About 100 residents at Fox Bay Condominiums left their homes on Monday after a fire broke out by the Jordanelle Reservoir, which has now been contained.

Mike Eriksson, an area manager for the Utah Division of Forestry, said the evacuation has been lifted, and residents should be back home by now.

“It turned out to be only one acre after they GPS’d it,” Eriksson said. “So it was pretty tiny.”

Eriksson said a possible reason the fire did not spread is the summer has been wetter than average, and moisture in the plants made them difficult to burn.

Researchers Work Together On Red Butte Creek

Jul 27, 2015

Last week, researchers from multiple Utah colleges and universities worked together to gather data from the Red Butte Creek in Salt Lake City.

According to Paul Brooks, professor of hydrology and biochemistry at the University of Utah, this effort is the first of its kind, with diverse types of observations, including hydrology sampling, water chemistry sampling and biological sampling. Some researchers studied drought stress and interviewed local residents on water use.

Herbert To Lead National Governors' Association

Jul 27, 2015

On Saturday, Republican Gov. Gary Herbert was named chairman of the National Governor’s Association. Almost immediately, the governor laid out an initiative entitled “States: Finding Solutions, Improving Lives.” The initiative calls for more state-federal partnerships while highlighting state solutions to political issues.

State Rep. Jon Cox said that Herbert’s new appointment will allow Utah to learn from what other states are accomplishing. He said that the NGA is an invaluable platform to share ideas.

August Race To Support Autism Program

Jul 23, 2015

A charity organization, Race 4 a Cause, will hold the second annual First Dam Pancake Run on Aug. 15  in Logan to raise funds for a preschool program at Utah State University called Autism Support Services: Education, Research and Training, or ASSERT.

The Rising Opportunity Of Utah Biofuel

Jul 23, 2015

The biofuel industry may be closer to rivaling conventional fuel companies for financial success. Ray Dellinger, CEO of Argo Fuels, said that his new NanoCatylist Processor will help turn biodiesel into a viable alternative to petroleum. He said that biofuel producers working together can not only turn a profit but, through low-cost production, release the industry from reliance on government subsidies.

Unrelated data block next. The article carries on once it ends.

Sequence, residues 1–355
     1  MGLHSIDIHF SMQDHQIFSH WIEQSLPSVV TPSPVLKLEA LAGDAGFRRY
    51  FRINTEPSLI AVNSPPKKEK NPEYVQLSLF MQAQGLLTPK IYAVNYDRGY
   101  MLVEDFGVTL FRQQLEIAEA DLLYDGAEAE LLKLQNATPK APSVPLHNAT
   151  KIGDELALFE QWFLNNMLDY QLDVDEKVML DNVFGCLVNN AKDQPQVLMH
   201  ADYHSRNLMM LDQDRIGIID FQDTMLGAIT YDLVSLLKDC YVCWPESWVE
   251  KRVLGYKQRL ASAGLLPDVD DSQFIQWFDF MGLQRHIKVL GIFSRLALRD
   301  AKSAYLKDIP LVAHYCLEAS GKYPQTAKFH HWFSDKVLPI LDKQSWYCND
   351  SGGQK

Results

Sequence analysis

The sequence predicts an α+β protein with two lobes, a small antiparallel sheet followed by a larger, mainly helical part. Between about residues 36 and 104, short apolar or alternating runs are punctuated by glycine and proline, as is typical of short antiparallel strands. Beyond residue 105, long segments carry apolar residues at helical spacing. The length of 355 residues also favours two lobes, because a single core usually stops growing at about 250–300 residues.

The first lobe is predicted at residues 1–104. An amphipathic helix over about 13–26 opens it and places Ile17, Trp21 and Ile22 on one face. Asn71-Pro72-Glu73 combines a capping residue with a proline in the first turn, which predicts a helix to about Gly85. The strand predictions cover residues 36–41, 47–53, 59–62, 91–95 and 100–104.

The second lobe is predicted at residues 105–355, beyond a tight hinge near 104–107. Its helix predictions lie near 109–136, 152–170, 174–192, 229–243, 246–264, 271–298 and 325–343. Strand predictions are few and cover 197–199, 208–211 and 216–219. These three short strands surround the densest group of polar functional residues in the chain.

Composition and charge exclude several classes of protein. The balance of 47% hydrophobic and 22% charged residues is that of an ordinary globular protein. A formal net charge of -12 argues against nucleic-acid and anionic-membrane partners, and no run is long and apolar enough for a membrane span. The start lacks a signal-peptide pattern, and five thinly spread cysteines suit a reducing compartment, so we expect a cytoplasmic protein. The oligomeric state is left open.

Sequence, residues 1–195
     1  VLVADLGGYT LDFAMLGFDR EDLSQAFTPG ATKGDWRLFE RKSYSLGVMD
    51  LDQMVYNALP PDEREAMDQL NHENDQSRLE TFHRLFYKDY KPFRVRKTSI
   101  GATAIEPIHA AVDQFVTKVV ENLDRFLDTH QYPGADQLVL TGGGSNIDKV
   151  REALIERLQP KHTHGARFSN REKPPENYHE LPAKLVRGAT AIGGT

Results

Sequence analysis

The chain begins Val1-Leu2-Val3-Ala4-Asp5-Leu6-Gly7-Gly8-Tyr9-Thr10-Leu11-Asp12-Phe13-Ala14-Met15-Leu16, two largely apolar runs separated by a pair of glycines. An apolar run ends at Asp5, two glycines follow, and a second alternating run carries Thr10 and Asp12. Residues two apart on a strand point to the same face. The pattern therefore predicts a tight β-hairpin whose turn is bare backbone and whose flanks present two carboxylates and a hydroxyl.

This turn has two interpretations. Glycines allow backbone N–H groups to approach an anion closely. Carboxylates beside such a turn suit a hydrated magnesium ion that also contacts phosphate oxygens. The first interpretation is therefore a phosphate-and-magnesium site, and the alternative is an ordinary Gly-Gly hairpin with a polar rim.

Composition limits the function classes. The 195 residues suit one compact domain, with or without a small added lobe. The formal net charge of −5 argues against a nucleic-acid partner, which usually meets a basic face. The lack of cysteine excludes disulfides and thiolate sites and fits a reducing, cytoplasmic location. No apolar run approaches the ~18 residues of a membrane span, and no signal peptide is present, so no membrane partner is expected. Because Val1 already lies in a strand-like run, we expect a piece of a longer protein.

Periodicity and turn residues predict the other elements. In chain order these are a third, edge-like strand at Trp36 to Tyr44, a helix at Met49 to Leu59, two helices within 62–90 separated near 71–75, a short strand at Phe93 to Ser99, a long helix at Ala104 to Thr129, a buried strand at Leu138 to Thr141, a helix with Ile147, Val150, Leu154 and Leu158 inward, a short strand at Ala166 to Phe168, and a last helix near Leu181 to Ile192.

Logan Man Arrested In Fraternity Rape Case

Jul 22, 2015

Police say a Logan man has been arrested on suspicion of raping three women at a Utah State University fraternity house. 27-year-old Jason Relopez was booked into Cache County Jail on Tuesday due to allegations by a woman who reported to Logan police that she had been sexually assaulted at a Sigma Chi fraternity house. 

Logan City Police Chief Gary Jensen said that investigators have found enough evidence to charge Relopez with multiple counts of rape.


On Aug. 1, Utah will kick off its third annual Pacific Island Heritage Month with activities at the Sorenson Unity Center in Salt Lake City.

In 2013, Gov. Gary Herbert declared this month because of the large population of Pacific Islanders who live in Utah.

“Utah has the largest Pacific Island community per percent in all states,” said Susi Feltch-Malohifo’ou, co-founder of Pacific Island Knowledge 2 Action Resources, which founded the Utah Pacific Island Heritage Month.

Aimee Cobabe

Residents in Utah have joined programs aimed at lowering the cost of solar installations.

“Solar has grown very quickly especially in the last three to five years,” said Kate Bowman, Solar Project Coordinator for Utah Clean Energy, a public interest organization. “Looking back to 2009, on average Utah’s cumulative solar capacity—so the total amount of solar in the state—has increased by 82 percent each year. So that’s almost doubling each year since 2009.”

Owens Enters 2016 Congressional Rematch

Jul 21, 2015

On Tuesday, former Democratic Party candidate Doug Owens announced that he has officially entered the 2016 race for Congress in Utah’s fourth district. Owens plans to challenge incumbent Mia Love for the House seat, as he did in 2014. His candidacy has some optimistic that the Democratic Party can regain a House seat in Utah.

Utah Democratic Party Chair Peter Corroon said that increased voter turnout will ultimately help Owens’ candidacy.